The Epistle for this Sunday is filled with exhortations for the Christian life: Compassion, kindness, humility, etc. In preparing a sermon from Colossians 3:12-17, the imagery of both being clothed and birth would make excellent homiletical hooks to keep the sanctifying work of the Gospel in God’s hands. It should be clear from the context that these exhortations are not appeals to get us to work on sanctifying ourselves. The text is not a legalistic set of principles. It is a description of the way things are for us, now that Christ has entered in. “Christ,” Paul says, “is all and in all” (Colossians 3:11).

Yet, it is entirely appropriate and needed for us to preach all the virtues or characteristics of the Christian life which set forth God’s will for us. It is God’s will that we should be all Paul says we should be in these verses. Preaching this text as Law works as devastating condemnation. But I do not believe this text requires any finger pointing, as if you must spell out how your people are not as meek as they should be or they are all too busy complaining or holding grudges, etc. Simply by magnifying these most beautiful works, the preacher will have done plenty to accuse those whose lives do not conform to God’s will. Some of our most powerful preaching of the Law comes not by telling people what they have done wrong and why they need to repent, but by preaching what is truly God-pleasing.

I remember learning this through personal experience after preaching a sermon against the sin of homosexuality (which appeared in one of the readings for the day). After some members, who had relatives caught in this particular sin, were upset by my sermon, I was forced to do some soul and Scripture searching. It was certainly true what I had preached. I said nothing contrary to God’s Word. In fact, I preached very clearly God’s condemnation against such sexual sins. However, I had failed to emphasize God’s beautifully created order of marriage and sexuality. I could have said, for instance, how God loves marriage. He created the sexual act and He blessed it both with pleasure and with the hope of children. I could have magnified God’s gifts, which would have caused those same members to see why God condemns homosexuality and any form of eros outside of marriage. My point is, we may want to take each Christian virtue in the text and turn it into biting law, but maybe we should be more creative. Preachers have better ways to spell out how we have not been compassionate with each other or failed to forgive each other or be thankful. By preaching what compassion is, for instance, you lead hearers to the obvious conclusion they are not compassionate. Likewise, by preaching what chastity is or what it means to be a faithful spouse, you make clear we have not lived according to God’s holy will, whether married or single.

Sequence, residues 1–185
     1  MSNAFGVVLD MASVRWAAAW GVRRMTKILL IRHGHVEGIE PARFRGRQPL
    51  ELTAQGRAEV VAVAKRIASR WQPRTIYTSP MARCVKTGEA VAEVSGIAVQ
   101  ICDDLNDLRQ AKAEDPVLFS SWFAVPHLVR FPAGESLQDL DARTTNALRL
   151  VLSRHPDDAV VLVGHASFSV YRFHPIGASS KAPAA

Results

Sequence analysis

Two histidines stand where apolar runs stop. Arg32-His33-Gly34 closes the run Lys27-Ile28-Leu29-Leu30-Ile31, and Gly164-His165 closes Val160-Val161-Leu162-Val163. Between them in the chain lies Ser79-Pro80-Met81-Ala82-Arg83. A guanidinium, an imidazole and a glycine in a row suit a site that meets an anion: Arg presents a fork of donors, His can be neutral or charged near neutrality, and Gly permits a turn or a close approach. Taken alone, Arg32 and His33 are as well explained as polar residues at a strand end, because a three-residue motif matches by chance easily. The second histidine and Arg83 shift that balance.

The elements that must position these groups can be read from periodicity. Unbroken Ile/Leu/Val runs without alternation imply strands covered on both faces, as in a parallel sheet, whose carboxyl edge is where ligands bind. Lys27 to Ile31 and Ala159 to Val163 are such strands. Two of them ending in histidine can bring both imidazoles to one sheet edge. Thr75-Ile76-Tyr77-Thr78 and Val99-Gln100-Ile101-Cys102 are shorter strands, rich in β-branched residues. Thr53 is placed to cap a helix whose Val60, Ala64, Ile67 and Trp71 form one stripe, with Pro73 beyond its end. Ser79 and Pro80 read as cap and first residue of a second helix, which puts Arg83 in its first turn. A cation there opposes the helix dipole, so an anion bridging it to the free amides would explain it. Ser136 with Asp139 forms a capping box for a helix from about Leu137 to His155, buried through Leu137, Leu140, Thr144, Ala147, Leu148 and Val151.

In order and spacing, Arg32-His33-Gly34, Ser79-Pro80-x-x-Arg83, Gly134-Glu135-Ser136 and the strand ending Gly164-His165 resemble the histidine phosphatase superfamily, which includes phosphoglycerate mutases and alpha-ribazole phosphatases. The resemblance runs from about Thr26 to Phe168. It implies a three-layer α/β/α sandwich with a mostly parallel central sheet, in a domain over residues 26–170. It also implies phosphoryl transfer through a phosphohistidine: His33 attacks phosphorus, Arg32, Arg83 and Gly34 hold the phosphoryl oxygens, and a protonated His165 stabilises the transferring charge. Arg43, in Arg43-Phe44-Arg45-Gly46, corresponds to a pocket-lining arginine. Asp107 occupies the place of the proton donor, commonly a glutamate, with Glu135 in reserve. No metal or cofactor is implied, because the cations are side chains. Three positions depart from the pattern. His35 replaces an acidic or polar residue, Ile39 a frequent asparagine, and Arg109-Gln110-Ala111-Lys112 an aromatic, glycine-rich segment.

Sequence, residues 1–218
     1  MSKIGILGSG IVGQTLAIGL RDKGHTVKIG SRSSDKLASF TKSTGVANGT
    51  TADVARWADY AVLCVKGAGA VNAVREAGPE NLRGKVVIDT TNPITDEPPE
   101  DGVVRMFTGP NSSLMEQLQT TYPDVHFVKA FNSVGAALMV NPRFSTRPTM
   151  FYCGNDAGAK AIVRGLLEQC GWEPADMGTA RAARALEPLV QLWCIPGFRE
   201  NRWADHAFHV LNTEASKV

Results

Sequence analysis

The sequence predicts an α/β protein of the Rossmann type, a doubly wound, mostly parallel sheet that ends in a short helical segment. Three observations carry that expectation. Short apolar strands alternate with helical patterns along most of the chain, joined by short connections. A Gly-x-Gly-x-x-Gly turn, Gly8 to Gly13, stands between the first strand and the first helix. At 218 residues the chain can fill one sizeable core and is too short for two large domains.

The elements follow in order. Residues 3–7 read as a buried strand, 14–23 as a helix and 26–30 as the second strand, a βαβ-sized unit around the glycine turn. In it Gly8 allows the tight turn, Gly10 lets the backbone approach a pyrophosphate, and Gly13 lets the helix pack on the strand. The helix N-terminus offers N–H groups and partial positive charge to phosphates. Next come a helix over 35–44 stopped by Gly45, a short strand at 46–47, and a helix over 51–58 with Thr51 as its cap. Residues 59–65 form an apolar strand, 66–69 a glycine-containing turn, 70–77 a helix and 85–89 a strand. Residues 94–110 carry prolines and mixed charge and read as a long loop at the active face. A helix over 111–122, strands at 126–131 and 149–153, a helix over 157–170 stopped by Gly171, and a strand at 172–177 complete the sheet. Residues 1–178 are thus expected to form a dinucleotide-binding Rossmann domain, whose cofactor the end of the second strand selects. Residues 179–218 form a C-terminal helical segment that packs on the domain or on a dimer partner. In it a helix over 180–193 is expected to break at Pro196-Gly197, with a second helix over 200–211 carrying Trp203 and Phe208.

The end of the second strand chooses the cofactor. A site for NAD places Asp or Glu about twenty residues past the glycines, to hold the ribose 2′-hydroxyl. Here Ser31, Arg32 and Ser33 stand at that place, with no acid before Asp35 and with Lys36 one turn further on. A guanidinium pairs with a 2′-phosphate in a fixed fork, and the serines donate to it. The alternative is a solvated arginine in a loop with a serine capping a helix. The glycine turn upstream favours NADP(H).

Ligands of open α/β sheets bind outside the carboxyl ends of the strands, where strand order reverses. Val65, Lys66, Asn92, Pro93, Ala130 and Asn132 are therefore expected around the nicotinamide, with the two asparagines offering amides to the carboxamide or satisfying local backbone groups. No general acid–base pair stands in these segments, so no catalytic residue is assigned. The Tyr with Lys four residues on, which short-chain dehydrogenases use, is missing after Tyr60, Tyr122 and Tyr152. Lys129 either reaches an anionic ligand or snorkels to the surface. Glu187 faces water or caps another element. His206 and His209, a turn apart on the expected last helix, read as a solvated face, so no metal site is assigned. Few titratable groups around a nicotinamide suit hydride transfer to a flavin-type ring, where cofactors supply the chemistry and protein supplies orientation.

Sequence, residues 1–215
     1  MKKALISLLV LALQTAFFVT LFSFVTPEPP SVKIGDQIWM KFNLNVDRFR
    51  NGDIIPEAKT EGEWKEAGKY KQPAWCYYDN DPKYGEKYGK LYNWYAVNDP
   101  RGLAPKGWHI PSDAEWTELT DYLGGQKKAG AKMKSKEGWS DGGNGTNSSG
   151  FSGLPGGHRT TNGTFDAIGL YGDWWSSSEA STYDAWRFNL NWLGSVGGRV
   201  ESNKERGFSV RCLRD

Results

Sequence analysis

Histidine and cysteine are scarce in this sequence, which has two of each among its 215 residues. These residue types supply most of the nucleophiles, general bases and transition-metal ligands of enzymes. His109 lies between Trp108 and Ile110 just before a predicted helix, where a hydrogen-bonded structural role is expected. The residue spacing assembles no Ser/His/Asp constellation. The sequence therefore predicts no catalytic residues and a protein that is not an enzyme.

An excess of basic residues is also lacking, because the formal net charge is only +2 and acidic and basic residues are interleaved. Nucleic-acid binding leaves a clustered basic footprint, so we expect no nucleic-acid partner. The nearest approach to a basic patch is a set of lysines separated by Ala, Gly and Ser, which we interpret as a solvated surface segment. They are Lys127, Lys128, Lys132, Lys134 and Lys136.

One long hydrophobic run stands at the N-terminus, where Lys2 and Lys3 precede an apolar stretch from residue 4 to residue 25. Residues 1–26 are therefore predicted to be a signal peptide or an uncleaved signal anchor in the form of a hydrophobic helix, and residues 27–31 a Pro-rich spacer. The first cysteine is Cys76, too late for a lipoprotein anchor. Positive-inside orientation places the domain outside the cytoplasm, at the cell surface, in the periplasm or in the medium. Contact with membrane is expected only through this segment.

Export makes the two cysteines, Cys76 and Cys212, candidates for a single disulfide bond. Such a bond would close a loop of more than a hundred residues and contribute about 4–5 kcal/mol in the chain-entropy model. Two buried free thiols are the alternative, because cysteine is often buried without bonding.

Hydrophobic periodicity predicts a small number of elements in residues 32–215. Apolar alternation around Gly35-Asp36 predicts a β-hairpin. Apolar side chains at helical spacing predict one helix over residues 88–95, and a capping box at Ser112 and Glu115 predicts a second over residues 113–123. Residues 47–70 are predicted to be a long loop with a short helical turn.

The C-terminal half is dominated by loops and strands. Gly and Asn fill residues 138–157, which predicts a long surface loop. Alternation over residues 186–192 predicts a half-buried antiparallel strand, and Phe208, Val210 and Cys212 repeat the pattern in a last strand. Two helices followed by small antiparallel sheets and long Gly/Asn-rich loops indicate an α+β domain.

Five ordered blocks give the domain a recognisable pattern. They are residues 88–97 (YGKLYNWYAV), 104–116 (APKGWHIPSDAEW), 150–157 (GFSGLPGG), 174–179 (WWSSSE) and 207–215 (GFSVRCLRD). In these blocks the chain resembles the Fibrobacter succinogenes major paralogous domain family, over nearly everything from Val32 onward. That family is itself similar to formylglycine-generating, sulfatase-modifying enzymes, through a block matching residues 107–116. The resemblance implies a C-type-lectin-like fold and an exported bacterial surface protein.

+Some of our most powerful preaching of the Law comes not by telling people what they have done wrong and why they need to repent, but by preaching what is truly God-pleasing.

So, how are these exhortations not merely moral imperatives? The Christmas season gives us a hint. In His birth, Christ put on our human flesh and weakness, taking the form of a servant (Philippians 2). Now we are to put on Christ (Romans 13:14) and His virtues, as laid out in our Epistle. Christ is what God has willed for us. After the incarnation, all things have changed for humanity: “Er wechselt mit uns wunderlich: / Fleisch und Blut nimmt er an / und gibt uns in seins Vaters Reich / die klare Gottheit dran” (Translated: He changes with us whimsically: / He takes on flesh and blood / and gives us into His Father’s Kingdom / the clear deity. - N. Herman, 1560). Christ is wedded to our flesh, and we are wedded to His divinity. We need more than twelve days of Christmas to contemplate this great mystery. A lifetime is not enough to learn all we have in our baptism. The angelic proclamation of our Savior’s birth “for us and our salvation” turns now to the effects of His birth in us. This is not about what we must <i>do</i>, but what we are to <i>believe</i>. He gives His peace and His Word to “dwell among us richly” and to create in us thankful hearts. In preaching the Gospel from this text, you may want to keep in mind some basic questions:

  1. How have things changed in the world now that Christ is born?
  2. How have things changed for us now that Christ is born in us through Baptism?
  3. What ought our life look like now that it is inseparably bound up in His?

Avoid making anything here rest on our will. Throw it all on Christ, because He is the One who clothes us with His righteousness, innocence, and blessedness. You will have a joyful week after Christmas looking up and exploring the meanings to these beautiful virtues of Christ we are called to put on.

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Additional Resources:

Concordia Theology-Various helps from Concordia Seminary in St. Louis, MO to assist you in Colossians 3:12-17.

Text Week-A treasury of resources from various traditions to help you preach Colossians 3:12-17.